Scholars and practitioners alike now recognize that a firm’s capacity to assimilate and use know-how from external sources — what Cohen and Levinthal (1990) called “absorptive capacity” — plays a central role in innovation performance. In recent years, a common strategy pursued by companies to increase their absorptive capacity has been to locate new R&D facilities in close geographic proximity to technology “hotspots” like Cambridge, Massachusetts or the San Francisco Bay Area. Such a strategy is predicated on the assumption that geographic proximity facilitates absorption. Unfortunately, more than two decades after the publication of Cohen and Levinthal’s landmark piece on absorptive capacity, precious little is known about how different organizational strategies and managerial practices — including location choices — actually impact a firm’s ability to exploit external sources of know-how. A key barrier to empirical progress on this front has been a lack of direct measures of absorption. In this paper, we develop a novel measure of absorptive capacity that attempts to directly track the influence of external sources of know-how on the internal R&D activities on individual laboratories. We then use this measure to examine laboratory level differences in absorptive capacity and the degree to which a lab’s geographic proximity to a given knowledge base influences its absorptive capacity. To identify patterns of absorption, we exploit a quasi-natural experiment that has occurred in the pharmaceutical industry over the past two decades. Since 1989, a number of major pharmaceutical companies (Merck, Novartis, Pfizer, etc.) have chosen to locate new laboratories in one or more major life science hotspots (Massachusetts, the San Francisco Bay Area, and San Diego County). Because these are de novo green-field labs, we have an unusual opportunity to study how the capabilities of the lab evolved over time, and whether those capabilities were influenced by the technological activities of the surrounding local scientific and technological ecosystems. Our sample includes 39 R&D laboratories (at varying degrees of distance from three major life sciences hotspots — Massachusetts, San Diego County, and the San Francisco Bay Area). Our findings indicate that geographic proximity is a significant predictor of how much know-how a lab absorbs from a given hotspot. The importance of geographic proximity is also shown to be increasing over time. However, our results also show significant residual variance at both the individual laboratory and company levels, suggesting an important role of managerial practices and policies in driving absorption. The latter finding was consistent with our field interviews of R&D executives from laboratories involved in our study. The study provides further evidence of the geographically bounded nature of knowledge.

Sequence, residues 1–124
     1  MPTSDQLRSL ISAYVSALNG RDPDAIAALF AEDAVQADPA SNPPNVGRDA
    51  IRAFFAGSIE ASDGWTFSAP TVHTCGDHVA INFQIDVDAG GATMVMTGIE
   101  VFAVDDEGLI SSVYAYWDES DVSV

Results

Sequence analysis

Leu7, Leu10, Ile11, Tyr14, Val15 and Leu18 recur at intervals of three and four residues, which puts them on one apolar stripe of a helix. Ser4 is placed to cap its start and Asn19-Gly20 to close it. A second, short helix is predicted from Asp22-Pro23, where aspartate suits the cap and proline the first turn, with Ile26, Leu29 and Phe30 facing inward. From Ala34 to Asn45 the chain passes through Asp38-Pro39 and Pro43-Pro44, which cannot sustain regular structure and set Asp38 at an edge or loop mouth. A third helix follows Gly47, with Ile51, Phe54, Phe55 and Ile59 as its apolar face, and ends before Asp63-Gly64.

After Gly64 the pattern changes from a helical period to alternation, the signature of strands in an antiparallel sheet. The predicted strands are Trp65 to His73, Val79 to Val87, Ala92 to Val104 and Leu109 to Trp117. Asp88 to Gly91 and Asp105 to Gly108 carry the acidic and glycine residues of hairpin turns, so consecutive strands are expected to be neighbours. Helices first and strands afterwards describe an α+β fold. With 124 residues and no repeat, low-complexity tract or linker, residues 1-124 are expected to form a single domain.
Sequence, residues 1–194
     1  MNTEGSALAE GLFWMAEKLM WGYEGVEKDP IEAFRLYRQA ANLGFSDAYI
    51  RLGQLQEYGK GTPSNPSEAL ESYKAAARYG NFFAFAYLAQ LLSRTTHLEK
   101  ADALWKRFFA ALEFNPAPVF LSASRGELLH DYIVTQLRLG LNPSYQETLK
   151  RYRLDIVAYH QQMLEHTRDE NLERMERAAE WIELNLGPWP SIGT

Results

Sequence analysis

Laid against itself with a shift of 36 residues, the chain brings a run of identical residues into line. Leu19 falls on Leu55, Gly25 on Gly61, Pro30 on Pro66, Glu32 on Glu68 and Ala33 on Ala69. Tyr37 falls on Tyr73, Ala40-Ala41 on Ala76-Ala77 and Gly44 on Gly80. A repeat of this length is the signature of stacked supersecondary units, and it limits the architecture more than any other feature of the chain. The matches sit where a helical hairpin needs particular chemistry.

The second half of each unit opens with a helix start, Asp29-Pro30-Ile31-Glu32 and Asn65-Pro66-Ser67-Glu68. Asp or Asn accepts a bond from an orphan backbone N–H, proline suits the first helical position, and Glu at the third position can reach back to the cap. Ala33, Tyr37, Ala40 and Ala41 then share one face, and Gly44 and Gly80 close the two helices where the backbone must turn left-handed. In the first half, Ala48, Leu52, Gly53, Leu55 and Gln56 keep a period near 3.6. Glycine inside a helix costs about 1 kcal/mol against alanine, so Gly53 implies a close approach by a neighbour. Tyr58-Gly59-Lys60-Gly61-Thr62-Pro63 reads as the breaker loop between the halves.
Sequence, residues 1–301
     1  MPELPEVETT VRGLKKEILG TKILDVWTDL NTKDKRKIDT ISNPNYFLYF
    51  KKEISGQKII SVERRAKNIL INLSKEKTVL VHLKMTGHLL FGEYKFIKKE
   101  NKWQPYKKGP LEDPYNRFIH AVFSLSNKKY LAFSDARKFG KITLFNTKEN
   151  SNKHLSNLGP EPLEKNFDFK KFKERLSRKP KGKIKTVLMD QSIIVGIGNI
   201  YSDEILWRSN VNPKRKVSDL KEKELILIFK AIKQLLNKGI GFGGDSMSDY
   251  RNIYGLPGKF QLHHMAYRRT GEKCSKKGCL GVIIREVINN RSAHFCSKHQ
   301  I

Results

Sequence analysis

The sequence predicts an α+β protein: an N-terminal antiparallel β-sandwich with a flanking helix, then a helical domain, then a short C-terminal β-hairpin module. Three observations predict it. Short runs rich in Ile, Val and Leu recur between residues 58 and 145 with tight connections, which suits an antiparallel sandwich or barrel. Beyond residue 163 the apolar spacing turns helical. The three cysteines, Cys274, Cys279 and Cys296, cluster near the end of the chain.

FDA proposes to extend its tobacco authority to additional tobacco products, including e-cigarettes